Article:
1. Reducing the Gender Pay Gap

We recognise that a disproportionate number of roles in our organisation are occupied by woman, a majority of which are part time roles. We are committed to equality and diversity and to being a fair, open, and honest employer, and we will continue to identify ways in which we can minimise the Gender Pay Gap. We want to create greater diversity in our staff across the whole organisation to better represent the communities that we serve. In particular, we want to encourage more men into frontline roles, women into senior roles in all areas of the organisation especially traditionally male dominated sectors, and men to utilise flexible working and family friendly policies such as Shared Parental Leave.

Our actions include;

  1. Reviewing our current recruitment practices to ensure that we are targeting less well represented groups such as men within the lower paid roles and within our Service Delivery teams, and women in the senior support roles. This will include:
    • Working to embed diversity, inclusion, and accessibility into all stages of our recruitment process.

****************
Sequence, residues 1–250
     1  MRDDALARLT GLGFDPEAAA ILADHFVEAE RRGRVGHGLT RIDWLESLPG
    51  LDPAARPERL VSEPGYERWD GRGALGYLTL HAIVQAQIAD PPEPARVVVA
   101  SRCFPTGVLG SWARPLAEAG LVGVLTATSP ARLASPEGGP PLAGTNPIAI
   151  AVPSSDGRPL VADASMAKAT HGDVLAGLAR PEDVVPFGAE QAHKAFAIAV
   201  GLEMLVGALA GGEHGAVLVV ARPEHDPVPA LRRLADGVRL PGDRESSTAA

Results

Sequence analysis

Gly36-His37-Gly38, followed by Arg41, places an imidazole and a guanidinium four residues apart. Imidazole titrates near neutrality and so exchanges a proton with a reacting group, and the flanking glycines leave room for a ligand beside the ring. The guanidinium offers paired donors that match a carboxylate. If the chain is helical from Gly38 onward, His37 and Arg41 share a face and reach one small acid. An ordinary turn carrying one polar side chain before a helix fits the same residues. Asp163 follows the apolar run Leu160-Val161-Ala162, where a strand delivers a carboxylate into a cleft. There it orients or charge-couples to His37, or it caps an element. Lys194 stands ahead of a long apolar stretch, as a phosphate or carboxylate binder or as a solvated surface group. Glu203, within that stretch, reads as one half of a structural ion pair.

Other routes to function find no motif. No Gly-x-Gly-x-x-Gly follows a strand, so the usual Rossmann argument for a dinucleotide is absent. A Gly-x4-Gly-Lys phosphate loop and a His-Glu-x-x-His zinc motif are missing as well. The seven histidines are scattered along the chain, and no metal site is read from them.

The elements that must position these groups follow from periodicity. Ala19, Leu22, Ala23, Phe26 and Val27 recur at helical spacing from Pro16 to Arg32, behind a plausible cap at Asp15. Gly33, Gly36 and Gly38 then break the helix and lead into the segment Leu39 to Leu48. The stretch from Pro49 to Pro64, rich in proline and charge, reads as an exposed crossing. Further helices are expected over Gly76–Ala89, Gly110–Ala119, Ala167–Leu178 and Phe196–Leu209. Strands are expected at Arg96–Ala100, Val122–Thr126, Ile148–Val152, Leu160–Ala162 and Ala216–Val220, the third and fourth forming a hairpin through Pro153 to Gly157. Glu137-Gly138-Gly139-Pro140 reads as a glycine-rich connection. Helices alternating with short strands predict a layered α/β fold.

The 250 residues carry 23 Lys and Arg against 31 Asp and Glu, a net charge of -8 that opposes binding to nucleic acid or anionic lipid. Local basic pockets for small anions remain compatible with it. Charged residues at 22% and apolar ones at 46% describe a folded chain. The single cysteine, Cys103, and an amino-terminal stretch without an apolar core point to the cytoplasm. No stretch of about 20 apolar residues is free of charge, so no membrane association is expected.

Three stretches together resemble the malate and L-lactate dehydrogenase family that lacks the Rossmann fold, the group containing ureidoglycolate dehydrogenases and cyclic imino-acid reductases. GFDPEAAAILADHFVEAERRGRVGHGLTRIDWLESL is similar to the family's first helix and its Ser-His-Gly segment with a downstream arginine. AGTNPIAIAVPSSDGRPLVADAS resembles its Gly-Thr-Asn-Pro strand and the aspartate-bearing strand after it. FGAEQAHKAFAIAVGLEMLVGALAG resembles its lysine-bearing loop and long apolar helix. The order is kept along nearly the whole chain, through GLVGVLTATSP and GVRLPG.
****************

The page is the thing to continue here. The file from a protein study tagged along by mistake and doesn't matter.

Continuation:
• Undertaking a review of job descriptions/adverts and the language within them to highlight and change any unintentional gendered language.
    • Recognising, and challenging unconscious bias throughout the selection process.

 

  1. Building more substantial posts to be attractive to a wider range of people through things like combining roles as vacancies come up (including roles across different locations).

 

  1. Promoting the flexibility of our relief roles to all members of the community who may be attracted by that flexibility, such as students, self-employed individuals with their own businesses or part time workers who want additional income and in particular men so that our relief roles are more representative of the communities we support.

 

  1. Promoting workplace flexibility for both men and women in roles where possible, such as hybrid working (home and office based), job sharing or compressed hours. Also encouraging men to work flexibly so that it is not seen as only a female benefit.